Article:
Welcome to the Nation. I think the first thing you should do is find a nice, thick skin, b/c some of the people around here like to make their points rather bluntly and straight up. Nothing wrong with that per se, but it sometimes starts to creep in when people forgot what it's like to be new and not know everything.
Ok. you CAN, in fact, cut fat and gain muscle/strength at the same time with cardio, diet, etc. added in to weight training ( if everything is dialed in to perfect detail) but the gains are SLOOOOW. It's basically riding the fence, and I don't recommend it to you because trying to juggle the details and plan things out will kill you at this stage in your training experience. Learn, do, repeat. After a longer time, try experimenting.
1) Train your freaking legs.
2) Train your freaking legs hard.
3) Train your freaking legs harder.
You get what you train for. If you want strength and size, running ain't gonna work. Running has uses to cut fat/weight/increase endurance, etc., but it doesn't work to build strength or muscle size. At all. Period. Ever. Unless there is some kind of pecific carry over from anearobic power training and other specific protocols designed for short term power production, or other athletic endeavors (short sprinting, speed skating, etc.). Even then, I think it's mostly the weight training the athletes do, regardless of the time they spend on their legs. Check your other thread for other advice.
Oh yeah, and because legs make up most of your bodily muscle mass, training legs hard with full body movements like squats and deadlifts enables your nervous system to be strengthened better than small isolation movements. It also places more stress on your muscles, making it better for mass gains (not only in the legs, but also the back and shoulders. After all they help support the weight).
Oh yeah, one other thing. If you want to bench more, you need to train your legs. There's the carryover effect on your nervous system I just mentioned above, and coach Charles Poliquin (and others) mentions that if you get your body out of proportion by training only certain aspects, your body shuts down to avoid any more imbalance/injury potential. Not to mention that squats and deadlifts burn more calories than isolation movements. There's your fat loss/bulking combo right there.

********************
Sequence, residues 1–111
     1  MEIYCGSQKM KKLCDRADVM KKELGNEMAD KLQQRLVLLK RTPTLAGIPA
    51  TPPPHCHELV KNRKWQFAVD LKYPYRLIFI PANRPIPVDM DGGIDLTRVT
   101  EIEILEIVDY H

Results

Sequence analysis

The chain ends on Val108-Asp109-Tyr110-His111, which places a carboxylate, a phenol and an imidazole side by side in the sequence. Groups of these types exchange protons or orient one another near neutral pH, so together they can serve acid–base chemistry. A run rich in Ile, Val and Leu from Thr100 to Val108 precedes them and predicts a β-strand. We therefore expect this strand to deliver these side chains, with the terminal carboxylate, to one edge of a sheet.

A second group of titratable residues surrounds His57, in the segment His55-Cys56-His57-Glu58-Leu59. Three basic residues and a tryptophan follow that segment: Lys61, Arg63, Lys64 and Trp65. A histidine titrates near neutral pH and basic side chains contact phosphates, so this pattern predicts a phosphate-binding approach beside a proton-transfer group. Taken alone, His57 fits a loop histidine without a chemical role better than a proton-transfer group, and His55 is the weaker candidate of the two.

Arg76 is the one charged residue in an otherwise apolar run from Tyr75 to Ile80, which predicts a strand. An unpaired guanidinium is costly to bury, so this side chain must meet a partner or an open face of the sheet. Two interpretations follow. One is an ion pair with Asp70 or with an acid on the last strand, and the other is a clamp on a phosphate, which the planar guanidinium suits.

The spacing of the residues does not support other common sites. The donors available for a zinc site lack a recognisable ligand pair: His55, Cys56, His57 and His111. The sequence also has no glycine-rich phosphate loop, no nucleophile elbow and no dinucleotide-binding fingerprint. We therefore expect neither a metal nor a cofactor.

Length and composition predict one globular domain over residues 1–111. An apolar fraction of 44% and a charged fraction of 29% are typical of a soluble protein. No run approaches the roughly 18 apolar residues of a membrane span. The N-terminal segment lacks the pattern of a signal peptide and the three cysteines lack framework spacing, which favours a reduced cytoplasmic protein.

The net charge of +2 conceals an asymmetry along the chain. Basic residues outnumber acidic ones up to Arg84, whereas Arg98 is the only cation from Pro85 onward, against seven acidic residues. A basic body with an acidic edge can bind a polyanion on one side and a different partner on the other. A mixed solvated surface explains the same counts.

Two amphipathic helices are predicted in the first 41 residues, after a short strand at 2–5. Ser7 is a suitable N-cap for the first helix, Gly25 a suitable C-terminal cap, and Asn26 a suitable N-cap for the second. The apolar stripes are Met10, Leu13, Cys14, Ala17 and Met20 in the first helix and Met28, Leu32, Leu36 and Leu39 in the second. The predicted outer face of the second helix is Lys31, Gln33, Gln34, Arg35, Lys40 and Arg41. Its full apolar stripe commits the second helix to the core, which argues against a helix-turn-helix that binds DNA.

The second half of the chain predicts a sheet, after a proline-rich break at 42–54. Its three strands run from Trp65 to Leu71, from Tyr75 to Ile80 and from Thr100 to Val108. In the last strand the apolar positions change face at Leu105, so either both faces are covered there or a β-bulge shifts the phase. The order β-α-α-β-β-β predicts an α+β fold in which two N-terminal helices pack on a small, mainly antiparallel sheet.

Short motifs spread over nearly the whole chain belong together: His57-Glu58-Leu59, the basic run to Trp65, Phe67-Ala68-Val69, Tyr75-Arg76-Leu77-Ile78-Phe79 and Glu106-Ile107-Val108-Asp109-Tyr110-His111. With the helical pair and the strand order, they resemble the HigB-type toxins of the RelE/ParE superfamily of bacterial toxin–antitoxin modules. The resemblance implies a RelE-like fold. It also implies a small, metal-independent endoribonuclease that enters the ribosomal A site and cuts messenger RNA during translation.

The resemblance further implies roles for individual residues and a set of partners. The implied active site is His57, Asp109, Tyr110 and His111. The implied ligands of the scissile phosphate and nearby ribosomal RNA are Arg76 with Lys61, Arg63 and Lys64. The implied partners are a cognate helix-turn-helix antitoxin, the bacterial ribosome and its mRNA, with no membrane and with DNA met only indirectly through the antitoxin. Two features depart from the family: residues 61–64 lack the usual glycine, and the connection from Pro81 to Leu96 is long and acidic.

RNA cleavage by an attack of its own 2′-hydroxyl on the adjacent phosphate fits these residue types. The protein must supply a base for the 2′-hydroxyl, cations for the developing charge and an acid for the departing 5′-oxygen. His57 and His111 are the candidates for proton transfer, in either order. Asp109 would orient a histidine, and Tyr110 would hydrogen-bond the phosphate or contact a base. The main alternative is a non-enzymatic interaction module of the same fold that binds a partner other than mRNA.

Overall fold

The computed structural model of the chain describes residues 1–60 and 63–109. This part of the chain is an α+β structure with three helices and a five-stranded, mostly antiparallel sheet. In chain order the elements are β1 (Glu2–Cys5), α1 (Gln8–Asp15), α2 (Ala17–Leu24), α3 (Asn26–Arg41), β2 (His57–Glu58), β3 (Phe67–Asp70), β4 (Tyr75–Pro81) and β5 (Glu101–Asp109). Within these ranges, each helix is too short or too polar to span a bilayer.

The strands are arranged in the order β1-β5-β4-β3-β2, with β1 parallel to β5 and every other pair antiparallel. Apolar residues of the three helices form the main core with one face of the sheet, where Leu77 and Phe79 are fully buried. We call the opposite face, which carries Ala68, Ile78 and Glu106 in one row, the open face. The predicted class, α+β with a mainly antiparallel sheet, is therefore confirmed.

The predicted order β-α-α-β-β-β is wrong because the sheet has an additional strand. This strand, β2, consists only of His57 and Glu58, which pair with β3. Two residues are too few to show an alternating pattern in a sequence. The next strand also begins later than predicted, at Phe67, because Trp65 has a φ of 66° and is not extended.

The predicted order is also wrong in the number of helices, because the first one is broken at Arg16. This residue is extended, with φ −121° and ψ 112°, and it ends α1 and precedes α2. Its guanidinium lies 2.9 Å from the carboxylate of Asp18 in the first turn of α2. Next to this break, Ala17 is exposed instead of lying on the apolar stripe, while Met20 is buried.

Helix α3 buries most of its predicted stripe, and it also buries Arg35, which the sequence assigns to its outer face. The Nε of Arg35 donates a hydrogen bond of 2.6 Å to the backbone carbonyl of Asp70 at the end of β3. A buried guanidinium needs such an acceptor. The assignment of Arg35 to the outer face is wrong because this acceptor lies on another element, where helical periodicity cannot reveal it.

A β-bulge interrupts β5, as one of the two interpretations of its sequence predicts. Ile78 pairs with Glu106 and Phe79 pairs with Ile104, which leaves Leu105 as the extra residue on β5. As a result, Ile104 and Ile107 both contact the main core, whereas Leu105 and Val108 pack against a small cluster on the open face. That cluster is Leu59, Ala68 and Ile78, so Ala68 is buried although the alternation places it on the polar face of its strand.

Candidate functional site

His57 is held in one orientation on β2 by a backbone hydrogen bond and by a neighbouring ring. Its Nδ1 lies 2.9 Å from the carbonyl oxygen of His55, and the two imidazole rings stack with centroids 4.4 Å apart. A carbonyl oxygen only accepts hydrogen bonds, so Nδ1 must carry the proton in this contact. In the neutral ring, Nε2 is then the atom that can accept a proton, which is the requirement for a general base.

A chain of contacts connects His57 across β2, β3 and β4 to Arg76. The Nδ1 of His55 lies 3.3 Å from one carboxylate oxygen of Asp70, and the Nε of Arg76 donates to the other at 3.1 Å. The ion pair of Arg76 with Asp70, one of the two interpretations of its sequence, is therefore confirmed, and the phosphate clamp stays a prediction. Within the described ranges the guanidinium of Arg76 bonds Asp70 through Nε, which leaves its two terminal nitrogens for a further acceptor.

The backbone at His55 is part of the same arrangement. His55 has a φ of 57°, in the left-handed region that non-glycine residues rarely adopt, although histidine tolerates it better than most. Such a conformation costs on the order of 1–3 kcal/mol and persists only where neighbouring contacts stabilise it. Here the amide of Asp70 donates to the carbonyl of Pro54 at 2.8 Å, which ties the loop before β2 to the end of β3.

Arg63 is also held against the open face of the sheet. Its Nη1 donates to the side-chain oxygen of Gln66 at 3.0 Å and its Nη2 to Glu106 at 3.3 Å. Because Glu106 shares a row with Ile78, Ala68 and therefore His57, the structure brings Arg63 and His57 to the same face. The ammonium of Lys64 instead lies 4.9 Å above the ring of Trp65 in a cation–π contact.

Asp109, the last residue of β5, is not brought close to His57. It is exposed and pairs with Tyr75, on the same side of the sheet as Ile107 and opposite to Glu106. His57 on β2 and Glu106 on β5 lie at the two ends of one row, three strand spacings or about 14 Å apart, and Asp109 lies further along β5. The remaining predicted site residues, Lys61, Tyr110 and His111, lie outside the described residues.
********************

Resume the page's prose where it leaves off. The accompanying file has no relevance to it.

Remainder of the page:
As far as breakfast goes, don't worry about making it low carb. You're 14-15%bf according to your other post. If you concentrate on increasing muscle mass and strength, you may start to lose a little bit of fat from the increase metabolic demands on your body automatically (because you're new to this thing), AS LONG AS you keep your diet under control (ie-don't rationalize bad choices, don't cheat, don't cut corners, don't skip meals, get protein, get healthy fats and carbs) and don't up your calories incredibly. Maybe not, maybe you need some cardio too. You can figure that out later.
Breakfast= best time aside from post workout shake/meal to have carbs. You need to replenish stores from the overnight fast.
Bottom line, carbs or no carbs, just make it healthy. Low carb meals are usually better utilized in the evening, assuming you aren't training then. If you do train then, don't sweat the small stuff. Get your carbs after your workout and don't worry about it.
Just get healthy food. Work out the details (when to have carbs, if you want to have carbs, when to have healhy fat, etc.) as you go. Just make sure you get healthy food in you every time you eat (Milk is good in a quick "food emergency", no not chocolate/flavored milk, especially not soy milk), and MAKE SURE YOU GET GOOD PROTEIN WITH EVERY MEAL/SNACK. And a lot of it.
Hope that helps. Good luck.